SUNDAY TELEGRAPH (UK): Unity at last for Unilever as Burgmans becomes sole chairman: “Shell is to merge its UK and Dutch operating companies to create one company listed in the UK in the wake of a scandal involving overstatement of its reserves.” (ShellNews.net) 6 Feb 05
By Sylvia Pfeifer (Filed: 06/02/2005)
Unilever, the Anglo-Dutch consumer products group, is set to scrap its historic tradition of having two chairmen as part of a corporate governance shake-up that could eventually lead to the company having a single headquarters in the UK.
Unilever, which owns brands such as Hellman's mayonnaise and Lipton tea, is expected to announce on Thursday that it will end its current system, where joint chairmen run its Dutch and UK parent companies. Under the plan Antony Burgmans, one of the co-chairmen, will become chairman of the group, while Patrick Cescau, the other co-chairman, will be named the new chief executive.
Unilever will also unveil details of its new corporate strategy, which will see it move away from the five-year Path to Growth initiative introduced by Niall FitzGerald, the former chairman.
Instead of setting margin and sales targets, the new strategy will place a greater focus on shareholder value using the measure of total shareholder return. The exact management structure will be finalised at a meeting of Unilever's board on Wednesday.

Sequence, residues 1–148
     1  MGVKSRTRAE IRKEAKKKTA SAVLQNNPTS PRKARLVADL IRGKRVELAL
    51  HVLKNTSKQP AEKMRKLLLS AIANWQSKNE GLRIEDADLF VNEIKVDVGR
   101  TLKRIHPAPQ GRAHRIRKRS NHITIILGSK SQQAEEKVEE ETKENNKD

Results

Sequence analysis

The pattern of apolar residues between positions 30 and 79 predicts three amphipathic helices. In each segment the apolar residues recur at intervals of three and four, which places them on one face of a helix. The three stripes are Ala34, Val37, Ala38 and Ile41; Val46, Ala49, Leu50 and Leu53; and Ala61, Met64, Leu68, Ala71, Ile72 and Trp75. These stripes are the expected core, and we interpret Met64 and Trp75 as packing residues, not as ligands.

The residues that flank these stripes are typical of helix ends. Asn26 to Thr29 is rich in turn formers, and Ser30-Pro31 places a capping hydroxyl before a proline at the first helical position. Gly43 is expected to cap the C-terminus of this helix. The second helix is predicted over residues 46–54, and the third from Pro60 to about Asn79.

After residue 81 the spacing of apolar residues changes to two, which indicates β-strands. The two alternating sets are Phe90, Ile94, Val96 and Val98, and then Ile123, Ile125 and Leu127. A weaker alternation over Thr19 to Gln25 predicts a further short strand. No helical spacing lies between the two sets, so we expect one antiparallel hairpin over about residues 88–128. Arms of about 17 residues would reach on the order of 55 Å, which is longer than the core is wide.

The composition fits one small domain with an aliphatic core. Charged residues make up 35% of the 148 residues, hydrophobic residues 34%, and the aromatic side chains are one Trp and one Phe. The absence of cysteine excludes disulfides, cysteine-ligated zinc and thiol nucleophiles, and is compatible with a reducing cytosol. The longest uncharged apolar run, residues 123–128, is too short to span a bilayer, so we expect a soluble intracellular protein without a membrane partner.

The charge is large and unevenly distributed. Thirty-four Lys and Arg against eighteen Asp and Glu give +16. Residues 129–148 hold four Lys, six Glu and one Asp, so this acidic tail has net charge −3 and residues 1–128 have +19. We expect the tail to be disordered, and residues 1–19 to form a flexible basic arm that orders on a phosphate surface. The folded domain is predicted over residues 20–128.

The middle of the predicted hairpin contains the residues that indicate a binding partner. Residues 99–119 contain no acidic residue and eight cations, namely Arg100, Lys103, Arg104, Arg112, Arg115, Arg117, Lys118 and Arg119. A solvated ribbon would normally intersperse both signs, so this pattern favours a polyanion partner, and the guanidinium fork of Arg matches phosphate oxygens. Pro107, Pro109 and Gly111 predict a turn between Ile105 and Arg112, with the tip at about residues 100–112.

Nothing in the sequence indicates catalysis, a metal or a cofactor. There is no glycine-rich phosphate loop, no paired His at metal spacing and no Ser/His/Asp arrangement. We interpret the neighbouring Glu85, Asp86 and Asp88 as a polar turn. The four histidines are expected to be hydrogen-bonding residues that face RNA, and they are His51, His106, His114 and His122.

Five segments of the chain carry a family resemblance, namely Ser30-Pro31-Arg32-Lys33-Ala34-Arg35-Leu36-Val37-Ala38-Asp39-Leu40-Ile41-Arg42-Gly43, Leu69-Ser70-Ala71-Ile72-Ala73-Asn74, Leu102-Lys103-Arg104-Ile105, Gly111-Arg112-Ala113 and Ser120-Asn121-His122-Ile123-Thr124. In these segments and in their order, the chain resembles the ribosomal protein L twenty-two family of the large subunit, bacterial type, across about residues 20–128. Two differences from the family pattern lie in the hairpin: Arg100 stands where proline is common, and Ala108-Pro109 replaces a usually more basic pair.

Last year Unilever created a unified board in an attempt to meet shareholder demands for better corporate governance. But the group is expected to stop short of ending its dual stock exchange listings in the Netherlands and Britain. However, bankers said the decision to scrap the co-chairman structure could eventually lead to Unilever having a single headquarters in London, where Cescau is based.
The overhaul comes after months of debate within Unilever, which has been closely watching developments at Royal Dutch/Shell, the Anglo-Dutch oil giant.
Shell is to merge its UK and Dutch operating companies to create one company listed in the UK in the wake of a scandal involving overstatement of its reserves.